WASHINGTON – Sales of existing homes rose by the largest amount in more than five years in September, a real estate trade group said Friday. The data is a possible glimmer of hope that the housing slump could be starting to bottom out.
The National Association of Realtors said Friday that sales of existing homes rose by 5.5 percent in September compared to August, the best showing since a 5.6 percent increase in July 2003, during the five-year housing boom.
Even with the gain in sales, prices kept falling. The median sales price has dropped to $191,600, down by 9 percent from a year ago.
Inventories of unsold existing homes dropped by 1.6 percent in September to 4.27 million units which would be a 9.9 months supply at the September sales pace, still a historically high level.
Lawrence Yun, chief economist for the Realtors, said a sales turnaround first seen in California was beginning to broaden to other regions of the country including Colorado, Kansas, Minnesota, Missouri and Rhode Island.
He said housing may be starting to find a bottom but the turnaround could be aborted by the near-certainty that the country has fallen into a recession. For that reason, he said it was important for Congress to pass a second stimulus package including measures that would bolster the housing market.
In a further effort to bolster the housing market and deal with record high levels of mortgage defaults, Shelia Bair, the head of the Federal Deposit Insurance Corp., is pushing Treasury to include in the $700 billion rescue package for the financial system a new program to prevent more mortgage foreclosures.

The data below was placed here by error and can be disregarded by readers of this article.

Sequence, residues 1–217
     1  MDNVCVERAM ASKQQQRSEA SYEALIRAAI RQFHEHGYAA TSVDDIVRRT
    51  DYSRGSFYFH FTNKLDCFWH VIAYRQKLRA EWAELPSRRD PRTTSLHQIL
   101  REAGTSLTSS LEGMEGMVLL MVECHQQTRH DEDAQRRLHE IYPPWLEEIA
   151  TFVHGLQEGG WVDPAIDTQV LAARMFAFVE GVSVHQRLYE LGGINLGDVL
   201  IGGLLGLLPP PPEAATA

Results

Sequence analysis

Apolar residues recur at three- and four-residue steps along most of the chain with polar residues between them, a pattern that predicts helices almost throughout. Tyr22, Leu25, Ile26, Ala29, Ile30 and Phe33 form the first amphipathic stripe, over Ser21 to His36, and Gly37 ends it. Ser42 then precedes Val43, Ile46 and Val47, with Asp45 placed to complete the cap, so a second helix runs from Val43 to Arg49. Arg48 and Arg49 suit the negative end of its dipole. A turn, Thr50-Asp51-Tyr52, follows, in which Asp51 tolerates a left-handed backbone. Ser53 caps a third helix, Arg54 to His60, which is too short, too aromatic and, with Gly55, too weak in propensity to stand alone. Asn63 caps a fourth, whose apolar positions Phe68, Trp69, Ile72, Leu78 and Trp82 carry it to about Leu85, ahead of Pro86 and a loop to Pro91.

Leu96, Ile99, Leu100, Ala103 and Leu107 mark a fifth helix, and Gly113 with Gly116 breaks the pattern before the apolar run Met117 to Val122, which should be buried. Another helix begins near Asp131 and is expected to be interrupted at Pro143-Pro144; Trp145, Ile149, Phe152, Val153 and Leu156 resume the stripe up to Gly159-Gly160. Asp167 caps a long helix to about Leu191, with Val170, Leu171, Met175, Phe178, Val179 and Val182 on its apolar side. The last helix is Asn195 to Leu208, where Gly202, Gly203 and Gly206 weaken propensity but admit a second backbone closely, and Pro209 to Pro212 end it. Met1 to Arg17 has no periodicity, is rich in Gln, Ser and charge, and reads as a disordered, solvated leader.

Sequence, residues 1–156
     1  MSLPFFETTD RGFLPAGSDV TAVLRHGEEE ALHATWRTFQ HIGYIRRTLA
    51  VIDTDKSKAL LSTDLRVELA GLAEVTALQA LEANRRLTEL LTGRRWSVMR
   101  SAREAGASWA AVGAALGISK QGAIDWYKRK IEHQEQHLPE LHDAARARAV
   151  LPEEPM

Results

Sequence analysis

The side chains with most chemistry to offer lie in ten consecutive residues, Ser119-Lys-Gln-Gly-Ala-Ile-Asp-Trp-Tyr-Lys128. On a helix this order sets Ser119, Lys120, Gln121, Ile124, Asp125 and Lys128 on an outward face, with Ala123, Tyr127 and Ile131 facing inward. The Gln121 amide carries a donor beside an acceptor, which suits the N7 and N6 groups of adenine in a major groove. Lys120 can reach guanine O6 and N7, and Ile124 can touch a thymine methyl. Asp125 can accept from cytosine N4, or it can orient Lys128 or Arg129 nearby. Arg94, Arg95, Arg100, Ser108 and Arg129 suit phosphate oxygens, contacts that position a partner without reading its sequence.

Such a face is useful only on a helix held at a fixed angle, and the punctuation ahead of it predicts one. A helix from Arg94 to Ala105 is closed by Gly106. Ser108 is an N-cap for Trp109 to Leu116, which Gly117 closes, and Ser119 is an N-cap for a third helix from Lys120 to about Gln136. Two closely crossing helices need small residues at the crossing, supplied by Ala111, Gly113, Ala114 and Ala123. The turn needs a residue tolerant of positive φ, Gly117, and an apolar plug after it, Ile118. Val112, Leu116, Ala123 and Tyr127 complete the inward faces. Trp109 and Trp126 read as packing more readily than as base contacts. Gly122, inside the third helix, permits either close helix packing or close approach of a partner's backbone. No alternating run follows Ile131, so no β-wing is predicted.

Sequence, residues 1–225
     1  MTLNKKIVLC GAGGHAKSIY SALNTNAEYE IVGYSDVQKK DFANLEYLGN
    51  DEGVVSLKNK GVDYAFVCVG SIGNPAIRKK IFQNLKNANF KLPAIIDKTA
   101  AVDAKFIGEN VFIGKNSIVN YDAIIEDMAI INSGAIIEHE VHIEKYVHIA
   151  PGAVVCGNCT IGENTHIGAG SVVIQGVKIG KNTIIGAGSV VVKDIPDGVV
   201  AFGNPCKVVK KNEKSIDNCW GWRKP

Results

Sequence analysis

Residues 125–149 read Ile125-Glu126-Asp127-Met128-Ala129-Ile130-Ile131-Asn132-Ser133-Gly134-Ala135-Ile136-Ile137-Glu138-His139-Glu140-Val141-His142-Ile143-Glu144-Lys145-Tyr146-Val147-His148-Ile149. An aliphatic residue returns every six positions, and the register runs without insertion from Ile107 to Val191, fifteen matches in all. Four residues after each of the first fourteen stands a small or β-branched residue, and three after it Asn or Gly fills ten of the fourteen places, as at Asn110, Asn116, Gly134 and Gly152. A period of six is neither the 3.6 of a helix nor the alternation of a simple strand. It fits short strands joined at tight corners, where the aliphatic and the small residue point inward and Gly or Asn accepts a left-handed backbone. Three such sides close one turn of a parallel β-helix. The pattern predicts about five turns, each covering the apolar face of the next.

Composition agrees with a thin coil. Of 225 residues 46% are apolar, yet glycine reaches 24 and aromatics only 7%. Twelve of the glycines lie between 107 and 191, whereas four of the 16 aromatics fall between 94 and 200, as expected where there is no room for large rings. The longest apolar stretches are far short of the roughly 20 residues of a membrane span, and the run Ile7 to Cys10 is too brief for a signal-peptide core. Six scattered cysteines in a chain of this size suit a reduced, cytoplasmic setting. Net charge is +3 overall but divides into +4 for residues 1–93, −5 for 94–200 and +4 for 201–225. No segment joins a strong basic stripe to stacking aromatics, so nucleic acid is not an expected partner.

Under Bair's proposal, the government would provide guarantees for mortgages that have been reworked by banks to lower the payment schedules to more affordable levels.
The rise in September sales pushed activity to a seasonally adjusted annual rate of 5.18 million units last month. Sales were up 9.6 percent on a year-over-year basis before adjusting for seasonal changes.
By region of the country, sales soared by 16.8 percent in the West and rose a more moderate 4.4 percent in the Midwest and 2.2 percent in the South. The only region of the country which saw a decline was the Northeast, where sales fell by 1.1 percent.
Housing has been suffering through its worst downturn in decades following a five-year boom that ended in 2006. Since that time sales and prices have plummeted.
Builders have responded to the huge glut of unsold homes by sharply cutting back on construction as their confidence levels have fallen to record lows. The National Association of Home Builders is projecting that construction of new homes and apartments will total just 936,000 units for this year, which would be the weakest performance since 1945.